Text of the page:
Dall-Leighton made unwanted sexual comments and touched Parker inappropriately at the re-entry center and generally interacted with her in a way that would not be normal for a corrections officer to act toward an inmate in front of other inmates, other corrections officers, and her co-workers. Before or after several sexual encounters, Dall-Leighton made excuses to other corrections officers or to re-entry staff to explain any delay in Parker arriving at her scheduled destination. On at least one occasion, other inmates questioned Parker about why she was being spoken to familiarly by a corrections officer and she “ma[d]e up responses to why she was being spoken to by a” corrections officer. (Compl. ¶ 86.) One particular inmate, Jessica Pomerleau, [2]“kept asking [Parker] why [Dall-Leighton] kept talking to [Parker], to which [Parker] had to make up random responses, such as there was an issue with her laundry bag, etc.” (Compl. ¶ 87.) At one point, Parker “began to try to push for a new job so that she would not have to be transported by” Dall-Leighton (Compl. ¶ 97), but she did not get a new job and she “did not disclose why” she wanted one (Compl. ¶ 98).

         However, Parker did tell Defendant Corrections Officer Renee Shanks about the situation after Shanks approached Parker several times to ask “if something was going on between her and” Dall-Leighton. (Compl. ¶ 66.) Parker disclosed to Shanks how Dall-Leighton's conduct was affecting her emotionally and Shanks helped Parker in her attempt to get a new job so that she could avoid contact with him. Shanks also gave Parker her phone number and they talked by phone and text, as well as in person. Despite having approximately ten conversations with Parker about the situation with Dall-Leighton, Shanks “never reported it to the authorities” (Compl. ¶ 72) and “made no attempts at disclosing the alleged abuses to anyone” (Compl. ¶ 98). During her conversations with Shanks, Parker told Shanks “that she thought [Dall-Leighton] was just like [another corrections officer] who, on information and belief, had been investigated and fired for ‘preying' on female inmates.” (Compl. ¶ 73.) Shanks responded that Dall-Leighton “was just looking for ‘happiness'” and that Dall-Leighton “was nothing like” the other officer. (Compl. ¶ 74.)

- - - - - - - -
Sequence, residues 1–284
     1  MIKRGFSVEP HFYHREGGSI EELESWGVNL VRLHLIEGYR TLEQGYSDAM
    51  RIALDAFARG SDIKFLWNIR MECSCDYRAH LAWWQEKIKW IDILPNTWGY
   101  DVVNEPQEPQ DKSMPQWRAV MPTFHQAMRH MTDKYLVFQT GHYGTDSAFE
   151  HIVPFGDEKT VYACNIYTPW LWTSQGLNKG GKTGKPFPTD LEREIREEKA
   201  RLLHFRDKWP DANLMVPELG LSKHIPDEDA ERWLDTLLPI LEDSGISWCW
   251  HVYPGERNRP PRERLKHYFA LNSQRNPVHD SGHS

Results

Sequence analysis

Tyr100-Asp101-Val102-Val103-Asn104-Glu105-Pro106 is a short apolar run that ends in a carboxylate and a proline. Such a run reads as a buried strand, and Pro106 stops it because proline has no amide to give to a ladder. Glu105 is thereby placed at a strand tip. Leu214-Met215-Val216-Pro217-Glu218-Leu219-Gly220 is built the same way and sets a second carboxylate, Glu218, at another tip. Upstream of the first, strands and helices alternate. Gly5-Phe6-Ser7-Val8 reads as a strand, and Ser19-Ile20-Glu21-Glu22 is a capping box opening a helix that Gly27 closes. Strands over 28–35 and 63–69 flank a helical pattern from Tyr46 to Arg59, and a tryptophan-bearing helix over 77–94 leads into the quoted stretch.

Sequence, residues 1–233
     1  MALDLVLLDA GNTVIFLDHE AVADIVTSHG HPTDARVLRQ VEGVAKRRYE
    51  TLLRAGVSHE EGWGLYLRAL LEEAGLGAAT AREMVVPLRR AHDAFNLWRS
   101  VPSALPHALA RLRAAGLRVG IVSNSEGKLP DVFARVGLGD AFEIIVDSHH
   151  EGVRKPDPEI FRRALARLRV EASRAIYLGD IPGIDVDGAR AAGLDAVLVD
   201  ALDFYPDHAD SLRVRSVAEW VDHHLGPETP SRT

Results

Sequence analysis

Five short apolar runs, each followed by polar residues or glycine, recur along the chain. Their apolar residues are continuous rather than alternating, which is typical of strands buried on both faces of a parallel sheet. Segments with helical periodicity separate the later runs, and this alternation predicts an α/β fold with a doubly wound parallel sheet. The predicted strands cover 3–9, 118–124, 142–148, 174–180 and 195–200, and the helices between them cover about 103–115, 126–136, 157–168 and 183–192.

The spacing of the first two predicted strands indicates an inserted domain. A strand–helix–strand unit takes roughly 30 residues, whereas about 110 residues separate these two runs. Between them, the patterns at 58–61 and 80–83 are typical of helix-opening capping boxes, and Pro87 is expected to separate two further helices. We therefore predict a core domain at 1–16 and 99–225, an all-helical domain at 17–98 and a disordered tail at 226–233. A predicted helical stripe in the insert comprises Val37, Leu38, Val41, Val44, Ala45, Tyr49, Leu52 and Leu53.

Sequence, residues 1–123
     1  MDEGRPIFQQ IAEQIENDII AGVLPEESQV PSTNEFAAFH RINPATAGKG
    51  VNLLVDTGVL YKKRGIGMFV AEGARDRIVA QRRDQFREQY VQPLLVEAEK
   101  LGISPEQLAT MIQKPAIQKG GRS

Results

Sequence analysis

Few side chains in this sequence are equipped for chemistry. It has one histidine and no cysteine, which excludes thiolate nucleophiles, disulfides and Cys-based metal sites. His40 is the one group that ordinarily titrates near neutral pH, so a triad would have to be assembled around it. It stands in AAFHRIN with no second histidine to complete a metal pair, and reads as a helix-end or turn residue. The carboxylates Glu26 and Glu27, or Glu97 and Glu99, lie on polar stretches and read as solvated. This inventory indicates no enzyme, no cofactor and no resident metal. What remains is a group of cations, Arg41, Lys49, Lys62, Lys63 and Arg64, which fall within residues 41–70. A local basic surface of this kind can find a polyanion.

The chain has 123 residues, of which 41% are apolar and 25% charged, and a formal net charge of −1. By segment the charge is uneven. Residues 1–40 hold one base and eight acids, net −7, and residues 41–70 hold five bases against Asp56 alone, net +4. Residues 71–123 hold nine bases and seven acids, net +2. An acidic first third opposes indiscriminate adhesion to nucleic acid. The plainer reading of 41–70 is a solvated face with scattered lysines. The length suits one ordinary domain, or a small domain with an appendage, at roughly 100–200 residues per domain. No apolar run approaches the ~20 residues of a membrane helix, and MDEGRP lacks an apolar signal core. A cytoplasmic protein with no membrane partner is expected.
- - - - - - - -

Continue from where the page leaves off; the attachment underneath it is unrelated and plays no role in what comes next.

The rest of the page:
Parker eventually “got very intoxicated on alcohol so that she would be sent back to the prison as she needed to escape the situation she was being forced to live at the Re-entry Center.” (Compl. ¶ 120.) She was sent back to prison, where she disclosed the situation with Dall-Leighton to another inmate, who reported it to the authorities. Parker cooperated with the ensuing investigation, “although she did hold back certain information as she had a lack of trust for the system that she was in.” (Compl. ¶ 123.) When Parker returned to the re-entry center, Shanks “immediately approached [Parker] about not telling anyone that [Parker] has previously disclosed to [Shanks] what had occurred, and also that if anyone asked, that [Shanks] did not give [Parker] her [telephone] number and that [Parker] instead saw it on a desk and wrote it down herself.” (Compl. ¶ 129.) Parker believed that Shanks was asking her to lie about Shanks's knowledge of Dall-Leighton's conduct. Shanks also told Parker that she was sorry about previously having said that Dall-Leighton was not like the other officer who preyed on women, and that Shanks now agreed with Parker that Dall-Leighton was like that officer.

         The investigation into Dall-Leighton stopped once he was arrested. Approximately two months after the investigation into Dall-Leighton's sexual assaults of Parker commenced, she “learned that that there was also an investigation into alleged sexual misconduct by Defendant Dall-Leighton towards Jessica Pomerle[a]u.” (Compl. ¶ 133.) Another inmate, Crystal Gagnier, also known as “Tasha, ” also confided in Parker that Dall-Leighton “had done the same thi[n]gs to her that he had done to” Parker. (Compl. ¶ 134.) Parker told Shanks about what Tasha had told her. Parker understood that Shanks spoke to Tasha but that Tasha denied being assaulted by Dall-Leighton. Shanks never reported the allegations involving Tasha, or her conversation with Tasha, to any authorities. As a result of Dall-Leighton's conduct, and in addition to the harm caused by her sexually transmitted disease, Parker is now uncomfortable “being alone with any men of power”; has panic attacks when she sees a male police officer; is depressed and feels inhibited from moving forward with her goals and aspirations; cannot enter into a relationship with a man; and is “extremely sensitive to being touched now, which has caused her a great deal of issues with her children as it has created a barrier between her and them.” (Compl. ¶¶ 149-55.)